Sara Davidson remembers the American spiritual icon Ram Dass.
I read Be Here Now and decided: I have to meet this man.
It was 1971. I was in my twenties, an agnostic, having success with my writing, and miserable. “Woe is me,” was my mantra, inherited from my Hungarian grandmother. My husband would counter: “Woe is NOT you.”
It was a time when all around me, young people were lighting out for spiritual territory, becoming vegetarians, learning to meditate and chant, and running to Chinatown to practice Tai Chi. Some of my friends were quitting their jobs to take a three-month, round-the-clock training with Oscar Ichazo of the Arica Institute, who said that after the training, they would be enlightened.
A relative started following a Hindu swami who told her to rise at four a.m., take a cold bath, and do yoga. She urged me to do the same.
That was it. I decided to investigate and expose this mass delusion, writing a piece called “The Rush for Instant Salvation” that ran on the cover of Harper’s in July 1971. But something unexpected had happened during my research. I’d found that I liked being around these gentle, spacey seekers who were working to cultivate honesty, joy, and love. But there was no way I could swallow their beliefs.
When the article was published, the editor asked if I’d resolved my ambivalence. “Yes,” I said. “I think there’s something valid in there, but I don’t know what it is.”
Then a friend gave me a square blue paperback that said on the cover: Remember Be Here Now, written by someone named Baba Ram Dass, with exotic calligraphy by artists at a New Mexico commune.
I read the text in one sitting. Ram Dass’ story matched mine: he was a “neurotic, Jewish over-achiever” who’d found at a young age that his achievements and success left him empty.
As Richard Alpert, a psychology professor at Harvard, he’d been depressed and often had to throw up before giving a lecture. But the first time he took the psychedelic mushroom psilocybin with fellow professor Timothy Leary, he watched all his roles fall away, and felt a presence—an “I”—that was at peace and all knowing. When he and Leary were fired from Harvard for experimenting with LSD, they barely broke stride, moving to upstate New York to continue their research with psychedelics. But they discovered that after each trip, each experience of higher consciousness, they’d crash back down.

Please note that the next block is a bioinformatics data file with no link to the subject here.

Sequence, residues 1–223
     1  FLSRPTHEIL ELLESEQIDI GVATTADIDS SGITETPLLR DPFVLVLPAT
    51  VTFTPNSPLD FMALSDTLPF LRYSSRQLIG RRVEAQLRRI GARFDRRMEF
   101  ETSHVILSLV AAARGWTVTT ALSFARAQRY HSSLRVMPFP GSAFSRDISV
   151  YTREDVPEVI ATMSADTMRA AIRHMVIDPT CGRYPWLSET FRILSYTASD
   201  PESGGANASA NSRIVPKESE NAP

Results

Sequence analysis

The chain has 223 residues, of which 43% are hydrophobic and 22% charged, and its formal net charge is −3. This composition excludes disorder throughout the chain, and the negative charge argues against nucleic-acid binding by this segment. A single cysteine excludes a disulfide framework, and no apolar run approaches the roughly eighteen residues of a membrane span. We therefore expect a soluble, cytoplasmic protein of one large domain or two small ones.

After four years, Alpert was in a state of despair, and accepted a friend’s offer to travel across India. In a story that he would be retelling the rest of his life, he met his guru, Maharaji, who named him Baba Ram Dass. Dass means servant of Ram, or God, and Baba is a term of respect and endearment for an elder (though Ram Dass was only in his thirties then)
Ram Dass spent eight months with the guru—listening, watching him, studying, and doing mental and physical practices. He was learning Bhakti Yoga, which could be summarized in one phrase: see God in everyone, love everyone, serve everyone. In 1967, the guru told him to return to the U.S., where Ram Dass started speaking, teaching, and writing Be Here Now.
Eight months! That’s all. I know people who’ve been at it for decades—meditating, working on themselves, even teaching—and they don’t embody the wisdom and charisma that Ram Dass attained in eight months.
Was he born with a gift? Was it seeded in his DNA? Carried from a past life (or some more rational equivalent)? He used to say that his ability and wisdom were grace, a gift from Maharaji, but years later, in 2004, he told me he recognized that he’d been “using Maharaji—as an explanation for why I know what I know.”
Ram Dass had always been a master at speaking; he could talk extemporaneously for hours, and convey esoteric concepts in a way that Westerners could understand. And he was funny; he’d run down Buddha’s four noble truths and have the audience laughing all the way.
As an individual, though, he wasn’t “finished” evolving. He still had bad moods and could be judgmental and waspish. But if the telephone rang and someone needed help, he would grab the phone and stay with the caller until he’d guided the person to a calmer state.